viernes, octubre 31, 2008

Hennig XVII: “Live” blogging, day 3 (banquet)

Of course, one of the most expected things of the Hennig meeting was the banquet, and the banquet speech :)!

Steve Farris announced the the students aware, two argentinian, and friends with some of them :). Sebastian Barrionuevo “el negro”, wins the Rosen Award for best poster. Santi Catalano wins the Hennig award for the best talk (about the use of landmarks in phylogenies).

The banquet speech was given in a pair. Jyrky Mouna was originally assinged for the speech, but he was unable to come, so Kevin Nixon take his spot, talking about the different kinds of trees. It was EXTREMATELLY funny xD. As the meeting is joining with “Reunión Argentina de Cladística y Biogeografía”, Julian Faivovich dío su charla en español ;)... Por su puesto, la charla estaba dirigida sin lugar a dudas a el publico argentino, pero con el background de la misma reunión era suficiente para divertirse mucho!! Fue GENIAL!

My greetings to both speakers :D!!

jueves, octubre 30, 2008

Hennig XVII: “Live” blogging, day 3

Today was a highly theoretical day ;)... Most of the talks were highly methodological, with some scattered practical works.

Ward Wheeler, in a line similar to Grant and Kluge, argues that “objective support”, like Bremer support of Likelihood ratios are different to “average support”. His main argument, is that objective support is a better measure than average support, because it is based on a direct comparison of optimality criterion... I'm not agree xD.

Next, Pablo Goloboff showed that the common argument against weighting, that a character which is poor in clade is underweighted in a clade in which character has low homoplasy, is a problematic one, and that parsimony, as we know it, imply homogeneous weighting across the whole cladogram.

John Wenzel seems to be unsuccessful to show a different way to attack consensus trees. I think that agreement subtrees, the method that he defends is not as good as reduced consensus that can be found with TNT.

In an interesting talk, from philosophical, and statistical point of view, Chris Randle, showed that as actually implemented, Bayesian analysis in not bayesian, because the impossibility to implement a real definition of clade priors.

After coffee break, Steve Farris give an entertaining and clever talk about some misrepresentation of ideas of support by Grant & Kluge, and of course, re-affirms his masterful conclusion from his 1983 classic: parsimony is minimization of ad hoc hypotheses of homoplasy. I'm very happy to see the one that gives shape to actual numerical cladistics (and, I thinks, the major contributor of the theoretical development of phylogenetics in general!).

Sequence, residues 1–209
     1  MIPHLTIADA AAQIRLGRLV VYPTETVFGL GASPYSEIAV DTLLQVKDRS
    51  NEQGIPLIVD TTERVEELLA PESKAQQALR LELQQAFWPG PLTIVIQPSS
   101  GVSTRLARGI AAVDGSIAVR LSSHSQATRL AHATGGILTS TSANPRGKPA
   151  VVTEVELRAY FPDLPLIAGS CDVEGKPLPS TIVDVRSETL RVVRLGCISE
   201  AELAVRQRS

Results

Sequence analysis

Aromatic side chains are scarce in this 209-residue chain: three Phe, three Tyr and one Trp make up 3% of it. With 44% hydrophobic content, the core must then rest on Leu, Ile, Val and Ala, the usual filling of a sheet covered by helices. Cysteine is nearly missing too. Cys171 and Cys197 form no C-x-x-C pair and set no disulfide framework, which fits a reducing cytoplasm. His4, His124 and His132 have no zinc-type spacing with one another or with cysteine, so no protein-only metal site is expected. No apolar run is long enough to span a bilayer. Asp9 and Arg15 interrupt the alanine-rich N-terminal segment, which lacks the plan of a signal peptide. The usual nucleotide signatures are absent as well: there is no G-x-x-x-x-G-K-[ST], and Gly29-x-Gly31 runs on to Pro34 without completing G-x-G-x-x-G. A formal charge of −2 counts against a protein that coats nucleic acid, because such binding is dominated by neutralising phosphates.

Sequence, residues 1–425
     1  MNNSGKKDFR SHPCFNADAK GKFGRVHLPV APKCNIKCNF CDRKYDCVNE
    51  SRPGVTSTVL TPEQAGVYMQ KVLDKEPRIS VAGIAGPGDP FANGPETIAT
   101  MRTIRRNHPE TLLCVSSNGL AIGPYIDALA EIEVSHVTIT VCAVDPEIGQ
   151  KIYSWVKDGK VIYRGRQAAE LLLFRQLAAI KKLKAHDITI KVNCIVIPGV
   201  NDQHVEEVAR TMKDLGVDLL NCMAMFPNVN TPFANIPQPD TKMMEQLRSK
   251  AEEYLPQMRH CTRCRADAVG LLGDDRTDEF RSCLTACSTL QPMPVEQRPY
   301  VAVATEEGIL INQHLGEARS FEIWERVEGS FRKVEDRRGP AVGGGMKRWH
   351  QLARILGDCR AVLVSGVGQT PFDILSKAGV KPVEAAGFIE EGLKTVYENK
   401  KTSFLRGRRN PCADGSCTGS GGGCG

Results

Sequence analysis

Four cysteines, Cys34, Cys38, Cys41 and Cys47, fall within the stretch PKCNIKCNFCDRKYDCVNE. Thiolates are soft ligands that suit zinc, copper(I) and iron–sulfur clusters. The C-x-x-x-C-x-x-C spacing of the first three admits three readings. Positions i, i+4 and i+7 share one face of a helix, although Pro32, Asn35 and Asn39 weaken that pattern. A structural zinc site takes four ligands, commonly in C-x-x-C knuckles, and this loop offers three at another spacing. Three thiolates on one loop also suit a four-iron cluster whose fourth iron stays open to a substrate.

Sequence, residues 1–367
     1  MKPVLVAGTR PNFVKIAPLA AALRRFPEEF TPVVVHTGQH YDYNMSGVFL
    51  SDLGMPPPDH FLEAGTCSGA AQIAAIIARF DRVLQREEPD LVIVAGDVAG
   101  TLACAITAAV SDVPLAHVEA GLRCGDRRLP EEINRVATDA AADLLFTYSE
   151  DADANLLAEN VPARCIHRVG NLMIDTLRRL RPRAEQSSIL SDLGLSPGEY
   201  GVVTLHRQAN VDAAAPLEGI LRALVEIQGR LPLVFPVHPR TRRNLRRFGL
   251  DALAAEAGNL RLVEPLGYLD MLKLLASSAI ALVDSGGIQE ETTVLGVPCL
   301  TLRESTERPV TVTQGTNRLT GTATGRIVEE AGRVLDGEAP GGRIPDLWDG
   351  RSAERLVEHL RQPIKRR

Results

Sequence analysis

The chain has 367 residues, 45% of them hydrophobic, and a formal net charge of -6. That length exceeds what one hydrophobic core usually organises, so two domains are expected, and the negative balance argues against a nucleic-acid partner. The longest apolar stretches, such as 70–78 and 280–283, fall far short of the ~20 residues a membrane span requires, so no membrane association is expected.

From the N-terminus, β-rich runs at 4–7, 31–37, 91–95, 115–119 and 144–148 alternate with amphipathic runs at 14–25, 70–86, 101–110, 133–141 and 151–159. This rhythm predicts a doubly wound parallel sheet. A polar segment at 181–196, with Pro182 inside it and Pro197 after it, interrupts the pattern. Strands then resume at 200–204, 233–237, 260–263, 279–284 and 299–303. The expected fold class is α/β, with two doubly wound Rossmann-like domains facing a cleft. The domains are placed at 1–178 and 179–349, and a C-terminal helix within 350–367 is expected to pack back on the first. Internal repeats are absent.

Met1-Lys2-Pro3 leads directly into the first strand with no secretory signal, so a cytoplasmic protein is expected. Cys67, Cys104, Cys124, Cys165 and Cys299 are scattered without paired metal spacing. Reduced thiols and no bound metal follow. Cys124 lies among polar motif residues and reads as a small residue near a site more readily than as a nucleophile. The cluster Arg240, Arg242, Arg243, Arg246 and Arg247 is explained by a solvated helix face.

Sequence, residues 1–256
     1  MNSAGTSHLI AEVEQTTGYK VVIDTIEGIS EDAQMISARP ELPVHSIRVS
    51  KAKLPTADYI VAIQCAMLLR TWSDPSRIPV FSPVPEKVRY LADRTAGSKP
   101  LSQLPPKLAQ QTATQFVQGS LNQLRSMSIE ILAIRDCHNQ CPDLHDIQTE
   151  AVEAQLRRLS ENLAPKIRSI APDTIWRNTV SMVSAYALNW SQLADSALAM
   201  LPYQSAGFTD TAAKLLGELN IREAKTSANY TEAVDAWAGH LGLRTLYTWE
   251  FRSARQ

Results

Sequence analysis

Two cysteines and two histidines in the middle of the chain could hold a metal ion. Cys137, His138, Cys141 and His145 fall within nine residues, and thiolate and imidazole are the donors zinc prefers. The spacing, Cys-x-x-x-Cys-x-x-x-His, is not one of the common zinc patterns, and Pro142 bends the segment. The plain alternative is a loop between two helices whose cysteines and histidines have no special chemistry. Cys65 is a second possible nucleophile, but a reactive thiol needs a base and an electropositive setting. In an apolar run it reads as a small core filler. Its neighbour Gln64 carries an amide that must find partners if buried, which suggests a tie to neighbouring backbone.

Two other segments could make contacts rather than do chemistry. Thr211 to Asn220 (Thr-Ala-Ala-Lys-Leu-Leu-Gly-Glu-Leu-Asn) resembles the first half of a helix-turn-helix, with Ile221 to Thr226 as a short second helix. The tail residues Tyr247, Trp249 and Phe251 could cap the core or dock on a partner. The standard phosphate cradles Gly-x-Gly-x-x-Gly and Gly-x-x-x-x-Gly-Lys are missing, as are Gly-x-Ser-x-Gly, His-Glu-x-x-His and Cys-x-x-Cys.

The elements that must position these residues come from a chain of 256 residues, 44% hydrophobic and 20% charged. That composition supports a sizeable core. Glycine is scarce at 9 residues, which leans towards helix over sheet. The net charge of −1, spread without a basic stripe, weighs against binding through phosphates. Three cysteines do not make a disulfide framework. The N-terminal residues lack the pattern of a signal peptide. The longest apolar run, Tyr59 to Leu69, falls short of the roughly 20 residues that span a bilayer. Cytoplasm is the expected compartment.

Then, a bunch of papers based on Pablo's implementation of continuous characters, using Farris' optimization, using Opiliones. But the most interesting contribution was from Santiago Catalano, who shows that landmark data can be viewed as a generalization of Sankoff's parsimony!

Afternoon starts with a presentation of the possibilities of (Encyclopedia of Life) by Torstein Dikow, actually, apart of being as wonderful as Wikipedia, I do not see any application for EOL... (see Page's blog!)

Matthew Yoder, shows some wonderful ways to work using open source, in the development of his software for multi-author phylogenetic studies, with his sever-based Mx.

Then Rasmus Hovmoller, shows some interesting work to understand the spreading of avian influenza A, unfortunately, external problems was an obstacle to enjoy their results.

Federico López gives a talk about using conservation indexes to conservation in amazonia. I'm quite suspicious of that kind of indexes (although they are also bad, I think that Faith's PD is far better than Vane-Wright indexes!).

Norberto Giannini shows a new way to treat correlation of characters (“comparative method”) into a truly phylogenetic way. The method is excellent, and I think a real improvement in that field!

Fernando Noll, showed a beautiful work of behavioral data for Meliponini bees, that include oviposition and nest architecture.

Jeffrey Skevington use dragonflies from Fidji, and he tries to explain the origin of sexual bias on this beautiful insects. Juan Larrain shows his molecular analysis of a group of mosses, and compare his results with a preliminar set of morphological characters.

Martín Ramírez gives an excellent talk about the usefulness of ontologies for phylogenetic analysis! I feel that ontologies are an important step in the maintainability of morphological data (and their subsequent usage), but I think that although wonderful, the re-using, specially from authors extern to the original work, seems to be difficult (at least, as actually doing).

To finish the day, Johnatan Liria talks about k selection using some of my old TNT scripts xD...

miércoles, octubre 29, 2008

Hennig XVII: “Live” blogging, day 2

Today the meeting starts with a highly molecular morning. Gonzalo Giribet present a symposium about new methods for “phylogenomics” (organized by him, Ward Wheeler, and Jirky Mouna). Three talk were about the use of gene order, inversions, recombination, in the context of phylogenetic analysis. All of the presented analysis are POY-oriented ;). It is sad that Andres Varón, a colombian working with POY, was unable to assist.